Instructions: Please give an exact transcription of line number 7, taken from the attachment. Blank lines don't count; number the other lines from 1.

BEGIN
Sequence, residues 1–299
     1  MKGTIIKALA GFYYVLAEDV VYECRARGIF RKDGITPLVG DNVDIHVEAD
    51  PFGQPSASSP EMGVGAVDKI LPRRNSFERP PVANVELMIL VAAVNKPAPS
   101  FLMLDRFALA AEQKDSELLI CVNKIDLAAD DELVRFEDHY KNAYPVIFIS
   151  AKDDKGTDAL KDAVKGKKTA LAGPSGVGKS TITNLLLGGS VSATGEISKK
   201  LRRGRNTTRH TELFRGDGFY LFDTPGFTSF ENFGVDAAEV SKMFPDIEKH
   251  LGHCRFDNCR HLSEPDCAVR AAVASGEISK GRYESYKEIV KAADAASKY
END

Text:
   251  LGHCRFDNCR HLSEPDCAVR AAVASGEISK GRYESYKEIV KAADAASKY